[00:25:44] Thu: Yeah. Yeah. Good question. I for the question of like, the future I would talk a little bit more about that, but yeah, things are not clear cut to me. At all even if I get to this point so yeah, for my role as junior data analyst, I moved to my work at the moment that is yeah doing data science consultants for like Big 4 company.

So things sounds fancy and great but yeah, actually we. Yeah. I just do all kinds of different things and it's just like a very like a yeah, like it's not really a linear process, but more like, yeah, you just keep accumulating, accumulating those kind of technical skills and all these experience working. In a lot of different projects and you just gradually yeah, just act, yes. All of a sudden you feel like, Oh, you know yeah. You know, to do a lot of things Yeah. I went from learning basic art programming to doing some kind of like, yeah, learning Python, learning SQL, learning JavaScript, because I was also into doing data visualization and like a more customized kind of visualization.

And also like, yeah, I learned machine learning like a year later when I after I started my job taking some courses on course here, like a lot of courses actually. And just gradually, I just built more confidence. And now working in my job now, we just have so many projects. We can do so many things.

Yeah, in my whole career, I've probably only done two or three really machine learning projects. So two projects, two, yeah, creating two productionalized models and yeah, that is basically it's not a much, a lot of machine learning out of like probably 15-20 projects that I've been involved in throughout six years, five years, six years.

Yeah, so, in a sense, I feel like, yeah, machine learning sometimes they're a little bit overrated. Yeah, not like we always have such a good amount of data to do machine learning with. Sometimes it's a bit over queue. Yeah. The clients that I worked with have been like only, yeah, the bigger clients that have enough infrastructure to actually productionize a model.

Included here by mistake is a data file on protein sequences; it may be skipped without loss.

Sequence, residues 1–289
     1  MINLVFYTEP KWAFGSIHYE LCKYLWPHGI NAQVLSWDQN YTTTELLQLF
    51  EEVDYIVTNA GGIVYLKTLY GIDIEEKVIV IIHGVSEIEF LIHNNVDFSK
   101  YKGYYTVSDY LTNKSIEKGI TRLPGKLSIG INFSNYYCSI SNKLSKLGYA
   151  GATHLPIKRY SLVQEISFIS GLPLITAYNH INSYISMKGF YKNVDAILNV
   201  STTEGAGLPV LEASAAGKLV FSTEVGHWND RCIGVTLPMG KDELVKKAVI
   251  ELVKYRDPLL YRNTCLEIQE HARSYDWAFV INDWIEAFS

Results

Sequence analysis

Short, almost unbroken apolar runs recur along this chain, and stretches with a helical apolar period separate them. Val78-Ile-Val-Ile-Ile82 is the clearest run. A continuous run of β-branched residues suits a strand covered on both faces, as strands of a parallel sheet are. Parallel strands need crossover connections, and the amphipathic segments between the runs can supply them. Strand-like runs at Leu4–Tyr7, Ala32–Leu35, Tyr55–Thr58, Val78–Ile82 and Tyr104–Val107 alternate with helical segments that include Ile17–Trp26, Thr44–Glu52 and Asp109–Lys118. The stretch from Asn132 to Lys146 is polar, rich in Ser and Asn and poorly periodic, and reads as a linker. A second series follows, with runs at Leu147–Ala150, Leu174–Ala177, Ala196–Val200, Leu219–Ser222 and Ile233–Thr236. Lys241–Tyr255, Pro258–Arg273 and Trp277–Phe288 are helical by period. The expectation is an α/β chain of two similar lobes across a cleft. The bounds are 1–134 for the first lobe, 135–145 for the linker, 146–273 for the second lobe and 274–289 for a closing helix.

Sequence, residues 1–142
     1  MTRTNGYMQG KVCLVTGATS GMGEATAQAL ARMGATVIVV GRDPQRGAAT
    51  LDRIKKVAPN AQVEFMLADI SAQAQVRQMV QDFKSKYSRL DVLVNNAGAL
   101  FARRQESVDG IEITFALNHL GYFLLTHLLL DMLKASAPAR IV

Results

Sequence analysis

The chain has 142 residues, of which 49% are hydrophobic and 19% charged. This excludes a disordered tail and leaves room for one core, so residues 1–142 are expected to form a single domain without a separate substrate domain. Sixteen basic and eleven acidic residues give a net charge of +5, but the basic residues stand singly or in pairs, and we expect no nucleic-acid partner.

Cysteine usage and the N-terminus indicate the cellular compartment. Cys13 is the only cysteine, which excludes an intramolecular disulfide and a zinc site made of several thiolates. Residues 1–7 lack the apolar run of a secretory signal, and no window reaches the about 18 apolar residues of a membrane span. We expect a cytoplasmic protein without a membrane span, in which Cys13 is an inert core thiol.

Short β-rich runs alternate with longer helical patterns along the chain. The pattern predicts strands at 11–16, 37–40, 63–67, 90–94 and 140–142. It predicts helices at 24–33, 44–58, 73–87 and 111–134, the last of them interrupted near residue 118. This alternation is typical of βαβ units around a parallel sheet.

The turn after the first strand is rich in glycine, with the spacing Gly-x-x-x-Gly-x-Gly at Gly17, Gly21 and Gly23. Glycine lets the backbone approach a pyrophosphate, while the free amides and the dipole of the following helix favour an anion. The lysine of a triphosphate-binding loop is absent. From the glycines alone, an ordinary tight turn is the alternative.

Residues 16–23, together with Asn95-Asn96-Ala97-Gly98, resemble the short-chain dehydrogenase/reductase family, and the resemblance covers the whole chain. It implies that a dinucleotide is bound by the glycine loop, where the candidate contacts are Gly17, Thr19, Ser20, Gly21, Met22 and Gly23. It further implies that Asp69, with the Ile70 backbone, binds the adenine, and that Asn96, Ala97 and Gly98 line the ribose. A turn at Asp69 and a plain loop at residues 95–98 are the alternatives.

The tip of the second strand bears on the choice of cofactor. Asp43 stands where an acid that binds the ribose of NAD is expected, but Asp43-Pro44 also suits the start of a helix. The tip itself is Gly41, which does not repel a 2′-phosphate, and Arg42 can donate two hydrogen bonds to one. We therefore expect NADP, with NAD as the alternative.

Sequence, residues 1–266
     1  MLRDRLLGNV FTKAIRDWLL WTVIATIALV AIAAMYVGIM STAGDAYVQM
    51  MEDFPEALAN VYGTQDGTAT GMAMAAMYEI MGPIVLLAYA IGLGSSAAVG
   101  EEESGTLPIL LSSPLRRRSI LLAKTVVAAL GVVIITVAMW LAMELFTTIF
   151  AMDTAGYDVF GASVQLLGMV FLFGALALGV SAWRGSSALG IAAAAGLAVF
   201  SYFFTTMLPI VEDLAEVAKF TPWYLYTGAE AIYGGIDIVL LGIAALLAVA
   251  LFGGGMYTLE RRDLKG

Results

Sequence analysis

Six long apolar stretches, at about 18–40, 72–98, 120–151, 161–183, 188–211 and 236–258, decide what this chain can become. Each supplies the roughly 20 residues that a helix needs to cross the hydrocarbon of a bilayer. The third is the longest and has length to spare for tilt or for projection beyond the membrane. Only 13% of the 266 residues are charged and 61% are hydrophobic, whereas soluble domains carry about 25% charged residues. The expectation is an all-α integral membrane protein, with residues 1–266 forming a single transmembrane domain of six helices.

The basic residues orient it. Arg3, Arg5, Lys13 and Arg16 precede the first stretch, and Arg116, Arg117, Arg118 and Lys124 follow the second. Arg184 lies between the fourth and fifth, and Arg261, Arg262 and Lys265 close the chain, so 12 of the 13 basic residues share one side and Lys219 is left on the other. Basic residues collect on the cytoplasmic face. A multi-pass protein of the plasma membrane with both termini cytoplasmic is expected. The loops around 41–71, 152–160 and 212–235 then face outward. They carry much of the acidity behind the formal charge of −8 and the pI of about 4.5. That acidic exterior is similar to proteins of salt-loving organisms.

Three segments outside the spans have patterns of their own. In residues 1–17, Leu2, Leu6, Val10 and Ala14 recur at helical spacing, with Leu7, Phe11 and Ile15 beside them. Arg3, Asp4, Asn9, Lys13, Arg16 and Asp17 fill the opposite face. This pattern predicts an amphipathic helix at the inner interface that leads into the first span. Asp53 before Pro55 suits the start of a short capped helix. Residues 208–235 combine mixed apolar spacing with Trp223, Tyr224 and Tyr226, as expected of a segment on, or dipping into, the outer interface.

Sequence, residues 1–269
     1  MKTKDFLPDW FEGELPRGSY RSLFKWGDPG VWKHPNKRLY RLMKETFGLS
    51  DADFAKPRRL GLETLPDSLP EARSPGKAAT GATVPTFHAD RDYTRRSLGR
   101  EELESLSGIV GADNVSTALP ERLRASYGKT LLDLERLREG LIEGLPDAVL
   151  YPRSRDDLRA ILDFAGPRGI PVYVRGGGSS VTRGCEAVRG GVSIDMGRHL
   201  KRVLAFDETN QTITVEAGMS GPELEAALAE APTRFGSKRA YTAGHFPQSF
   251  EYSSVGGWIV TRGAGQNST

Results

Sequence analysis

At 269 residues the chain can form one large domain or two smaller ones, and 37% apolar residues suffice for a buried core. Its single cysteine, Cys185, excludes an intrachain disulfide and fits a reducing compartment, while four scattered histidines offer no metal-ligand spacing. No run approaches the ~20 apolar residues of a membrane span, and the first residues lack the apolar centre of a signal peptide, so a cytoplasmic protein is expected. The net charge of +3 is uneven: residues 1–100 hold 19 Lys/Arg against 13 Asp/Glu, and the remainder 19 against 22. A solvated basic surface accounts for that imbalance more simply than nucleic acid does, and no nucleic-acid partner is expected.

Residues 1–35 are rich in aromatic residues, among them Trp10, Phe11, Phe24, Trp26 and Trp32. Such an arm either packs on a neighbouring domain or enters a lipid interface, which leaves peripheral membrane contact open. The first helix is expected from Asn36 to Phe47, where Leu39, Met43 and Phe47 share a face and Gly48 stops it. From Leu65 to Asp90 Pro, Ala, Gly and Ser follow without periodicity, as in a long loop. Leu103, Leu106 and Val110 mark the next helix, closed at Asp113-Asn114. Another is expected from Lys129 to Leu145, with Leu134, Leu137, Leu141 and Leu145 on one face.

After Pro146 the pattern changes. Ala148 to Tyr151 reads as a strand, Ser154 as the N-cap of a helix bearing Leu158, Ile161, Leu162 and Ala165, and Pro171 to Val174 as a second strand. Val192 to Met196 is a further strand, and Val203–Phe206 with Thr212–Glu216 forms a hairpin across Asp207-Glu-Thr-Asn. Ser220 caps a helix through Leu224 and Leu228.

But other smaller companies, usually they, yeah, they value more like the kind of like short term kind of insights. And so yeah. Data analytics, data yeah, dashboarding kind of like data analyst kind of role would probably be enough. Yeah. So it's yeah, I've been, I've worn so many hats in my career.

I've done so many different things like automation doing, yeah, data analyst kind of job, building visualization, dashboarding, also a little bit data engineering. And so in a way I feel like, yeah, I don't know what I'm doing now.

[00:29:31] Ken: Well it sounds like the consulting role is something that does give you a lot of opportunities to experiment and try new things and work around in a bunch of different types of projects. I think that that's pretty uncommon for a lot of the data work. You know, a more traditional data science role is doing. I mean, if you're at a very big company, you're probably working on one specific project a lot of the time, if you're in a maybe medium sized company, you'll probably have two, three projects a year, or it depends on the nature of the products. It might be more than that, but you're working largely with similar data within the same domain. How do you deal with jumping around to so many different subject domains? Very, very quickly.

[00:30:16] Thu: Mm. Yeah, yeah. That's that's a good one. I think, yeah, it ... down to like, you always have a little bit, yeah, in my job, you just have some pressure to like keep moving and once. Even like before this project and another project has already started and you just have to quickly, very quickly read up about it and to sometimes ask colleagues to give a crash course on, you know, like insurance or banking or whatsoever. I had up so many times or like HR very interesting stuff. Or yeah, like the whole healthcare system in the country, for example, and yeah, I think. It's just all about keep an open mind what you can learn and what yeah. Have a, like a confidence that you can learn anything like nothing is rocket science.

Yeah, even though there are some rocket science out there, but for the most part you can do, you can understand basic things. You can, yeah, just even on the surface, but if you just, if you have the basic rights, that is probably enough to do your, yeah, data science job and just really keep asking questions.